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A 3-step process for mapping your life change

A fun and creative process for thinking about your future

Here’s a simple and fun activity to try. The questions below may offer insights for journaling or self-reflection. But an even more fun way is to actually draw a map. You don’t need to be a skilful artist. Just take a large piece of paper and start drawing. You can use the prompts below to help.

I like to draw in pencil initially and keep an eraser handy. As my picture gets clearer, it’s easy to go back and color it in or make the lines stronger. If you’re looking for inspiration, check out this article about using drawing and creativity to unlock your future.

Step 1 — What landscape are you in?

You may be in multiple landscapes at once. Your career may feel like the arduous climb of a mountain, while your relationship may simply be pulling you along like a river. Or indeed, the inverse might be true.

You might feel lost in the desert of your career while navigating the forest that is family life. There is no right or wrong landscape. A better question might be How is life serving you in getting to where you want to go right now?

Landscape can be a powerful way to think about where we are at. Here are some clues to knowing the landscapes you are in:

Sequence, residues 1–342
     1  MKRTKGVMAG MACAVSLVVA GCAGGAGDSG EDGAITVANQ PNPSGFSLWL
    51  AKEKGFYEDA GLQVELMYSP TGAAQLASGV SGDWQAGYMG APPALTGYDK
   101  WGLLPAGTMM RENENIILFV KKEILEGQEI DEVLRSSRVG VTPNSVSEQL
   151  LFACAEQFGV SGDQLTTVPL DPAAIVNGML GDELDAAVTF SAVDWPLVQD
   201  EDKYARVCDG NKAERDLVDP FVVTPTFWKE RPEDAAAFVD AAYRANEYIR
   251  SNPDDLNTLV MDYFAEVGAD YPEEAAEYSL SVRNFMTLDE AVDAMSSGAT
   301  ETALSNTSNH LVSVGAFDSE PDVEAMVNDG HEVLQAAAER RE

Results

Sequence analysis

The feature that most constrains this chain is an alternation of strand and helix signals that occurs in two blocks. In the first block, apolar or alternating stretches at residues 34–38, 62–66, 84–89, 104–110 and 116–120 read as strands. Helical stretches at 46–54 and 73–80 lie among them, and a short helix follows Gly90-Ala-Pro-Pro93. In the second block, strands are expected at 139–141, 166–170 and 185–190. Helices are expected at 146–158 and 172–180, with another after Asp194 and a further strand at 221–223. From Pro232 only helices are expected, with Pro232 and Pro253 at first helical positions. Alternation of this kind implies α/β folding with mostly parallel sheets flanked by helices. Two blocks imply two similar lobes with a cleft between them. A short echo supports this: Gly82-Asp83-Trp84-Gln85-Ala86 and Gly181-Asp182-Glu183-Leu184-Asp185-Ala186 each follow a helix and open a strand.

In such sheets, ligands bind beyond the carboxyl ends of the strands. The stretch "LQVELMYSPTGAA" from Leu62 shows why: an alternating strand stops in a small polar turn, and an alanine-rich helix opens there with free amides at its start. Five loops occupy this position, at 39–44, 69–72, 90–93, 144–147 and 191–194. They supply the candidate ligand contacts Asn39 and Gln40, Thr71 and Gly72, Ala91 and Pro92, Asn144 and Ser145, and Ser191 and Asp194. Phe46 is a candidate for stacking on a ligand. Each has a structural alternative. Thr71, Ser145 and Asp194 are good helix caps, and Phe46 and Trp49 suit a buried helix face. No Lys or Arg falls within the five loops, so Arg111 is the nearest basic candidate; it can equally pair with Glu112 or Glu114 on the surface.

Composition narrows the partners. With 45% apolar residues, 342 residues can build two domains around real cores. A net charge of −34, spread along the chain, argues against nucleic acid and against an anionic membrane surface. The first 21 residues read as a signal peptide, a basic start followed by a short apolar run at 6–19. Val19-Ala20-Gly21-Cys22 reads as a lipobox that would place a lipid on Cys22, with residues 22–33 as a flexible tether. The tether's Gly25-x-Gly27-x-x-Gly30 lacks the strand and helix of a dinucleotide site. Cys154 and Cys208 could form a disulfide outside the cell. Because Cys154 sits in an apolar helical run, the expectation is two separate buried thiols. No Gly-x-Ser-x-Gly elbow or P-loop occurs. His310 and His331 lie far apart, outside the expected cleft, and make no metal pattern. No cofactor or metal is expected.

• Mountains have a clear goal that requires discipline and focused pursuit. The going can get tough, and it will test our mettle.

  • Forests are full, complex, and busy. They offer growth in finding mutual support and interconnectedness. Forests encourage us to stay in the present moment and attend to what is needed now.

  • Rivers pull us along effortlessly in a direction out of our control, although if we aren’t careful, we can hit rapids and turbulent times.

  • Deserts offer the gift of having no destination or horizon. It’s a landscape of retreat to reflect on what’s important. It helps develop inner resilience.

You will find lessons in any landscape if you look deeply enough. I’ve also written about oceans and caves. You might find wisdom in cities or suburbs.

If you are using the drawing approach, literally draw a mountain or a river or a desert. Make it as large or as small as it feels to you in your life.

Step 2 — How is this serving you?

You landed in this landscape for a reason, and it may be serving you in some way. Perhaps being carried along by the river of your relationship may give you the kind of respite and support you need while climbing the career mountain.

We can use landscape to help understand what’s important to us. If you are drawing your landscape, add little notes to your map on what you are discovering about yourself. You might even give your landscape features a creative or descriptive name.

Step 3 — Where do you want to be?

This is where it gets really fun. Think about each area of your life — career, health, friendships, intimate relationships, finances, spirituality — and ask:

How can I use landscape to change how I think about this area of my life? Do I need to change landscapes?

You may already be clear about your goals. Perhaps you want to create a new career. If that career has a definite destination, preparing to climb that mountain may be helpful. If you aren’t sure what you want to do, some time in the metaphorical desert may help.


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